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Hoffmann, R. A wiki for the life sciences where authorship matters. Nature Genetics (2008)

Quantitative fluorescent polymerase chain reaction versus cytogenetics: risk-related indication and clinical implication of nondetected chromosomal disorders.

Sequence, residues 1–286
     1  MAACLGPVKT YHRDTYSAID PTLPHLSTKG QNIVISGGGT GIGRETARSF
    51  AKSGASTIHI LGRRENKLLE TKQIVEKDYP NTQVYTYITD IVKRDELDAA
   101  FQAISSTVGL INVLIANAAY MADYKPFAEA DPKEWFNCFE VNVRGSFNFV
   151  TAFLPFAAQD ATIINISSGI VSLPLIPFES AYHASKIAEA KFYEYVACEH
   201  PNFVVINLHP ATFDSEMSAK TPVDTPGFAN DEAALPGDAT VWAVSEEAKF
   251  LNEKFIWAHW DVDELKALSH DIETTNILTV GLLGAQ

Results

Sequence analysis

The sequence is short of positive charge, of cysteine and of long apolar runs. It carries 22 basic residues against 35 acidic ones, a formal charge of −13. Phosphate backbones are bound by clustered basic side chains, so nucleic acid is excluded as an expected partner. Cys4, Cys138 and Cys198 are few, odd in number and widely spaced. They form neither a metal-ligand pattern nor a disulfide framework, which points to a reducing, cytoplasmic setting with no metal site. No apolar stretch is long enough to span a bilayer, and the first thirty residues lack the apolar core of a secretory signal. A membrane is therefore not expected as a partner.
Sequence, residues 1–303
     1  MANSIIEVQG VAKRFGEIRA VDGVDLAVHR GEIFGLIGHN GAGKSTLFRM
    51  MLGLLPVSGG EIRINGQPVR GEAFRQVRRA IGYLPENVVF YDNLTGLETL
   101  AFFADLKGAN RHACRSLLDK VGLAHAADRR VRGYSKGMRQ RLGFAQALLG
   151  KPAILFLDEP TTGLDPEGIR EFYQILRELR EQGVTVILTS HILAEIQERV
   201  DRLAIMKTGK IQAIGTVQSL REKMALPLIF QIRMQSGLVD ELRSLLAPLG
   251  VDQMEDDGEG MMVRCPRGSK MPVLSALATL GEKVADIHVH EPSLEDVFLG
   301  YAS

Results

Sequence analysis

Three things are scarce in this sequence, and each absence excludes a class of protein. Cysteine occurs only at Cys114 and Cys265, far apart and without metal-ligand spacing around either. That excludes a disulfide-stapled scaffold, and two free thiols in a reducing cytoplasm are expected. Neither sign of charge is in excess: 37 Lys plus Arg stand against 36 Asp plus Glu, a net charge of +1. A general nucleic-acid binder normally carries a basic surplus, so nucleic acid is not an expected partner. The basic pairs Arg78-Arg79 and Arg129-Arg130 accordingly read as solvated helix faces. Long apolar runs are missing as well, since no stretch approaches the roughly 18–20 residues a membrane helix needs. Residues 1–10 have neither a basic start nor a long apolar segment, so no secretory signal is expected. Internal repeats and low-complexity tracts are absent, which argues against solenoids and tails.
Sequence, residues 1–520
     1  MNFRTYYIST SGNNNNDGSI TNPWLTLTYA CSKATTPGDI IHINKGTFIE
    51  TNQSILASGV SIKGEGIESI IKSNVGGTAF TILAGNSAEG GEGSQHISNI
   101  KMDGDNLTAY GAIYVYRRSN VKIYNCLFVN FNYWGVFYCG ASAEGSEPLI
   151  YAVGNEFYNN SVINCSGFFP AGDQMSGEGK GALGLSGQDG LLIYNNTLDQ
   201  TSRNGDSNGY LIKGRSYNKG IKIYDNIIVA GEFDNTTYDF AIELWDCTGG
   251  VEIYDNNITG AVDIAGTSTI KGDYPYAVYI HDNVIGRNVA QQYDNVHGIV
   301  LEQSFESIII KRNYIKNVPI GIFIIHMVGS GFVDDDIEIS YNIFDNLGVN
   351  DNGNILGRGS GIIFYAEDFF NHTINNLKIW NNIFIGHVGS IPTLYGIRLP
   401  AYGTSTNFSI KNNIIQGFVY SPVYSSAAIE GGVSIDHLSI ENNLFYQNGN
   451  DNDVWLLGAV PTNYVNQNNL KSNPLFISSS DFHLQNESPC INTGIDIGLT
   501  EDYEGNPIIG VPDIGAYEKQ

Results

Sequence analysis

BACKGROUND: The rapid detection of aneuploidies by quantitative fluorescent polymerase chain reaction (QF-PCR) allows reliable prenatal diagnosis of trisomies 21, 18, and 13. Discussion has been raised as to whether single QF-PCR could be an alternative to traditional cytogenetic karyotyping for certain referral categories. OBJECTIVE: To evaluate an indication-based classification of cases at risk of missing clinically relevant chromosomal disorders by QF-PCR. METHODS: From October 1999 to November 2003, 4,682 of 14,123 patients referred for amniocentesis decided to have QF-PCR as a rapid adjunct to conventional cytogenetic evaluation. Patients were classified according to the risk of missing chromosomal abnormalities by QF-PCR based on anamnestic risk and ultrasound prior to amniocentesis. The results in these two defined categories were compared in relation to the clinical significance of cytogenetic results. RESULTS: QF-PCR and conventional cytogenetic analysis had concordant results in 4,617 of 4,682 (98.6%) cases. Thirty-six of 110 (32.2%) clinically significant chromosomal abnormalities were missed by QF-PCR. Patients classified not to be at risk of missing chromosomal abnormalities using QF-PCR had a residual risk of 1/166 (0.6%) for chromosomal distortions of clinical significance. CONCLUSION: Classification by anamnestic and sonographic data does not specifically identify patients at risk of structural abnormalities. Clinical relevance of the nondetected anomalies essentially justifies traditional karyotyping regardless of risk classification.[1]


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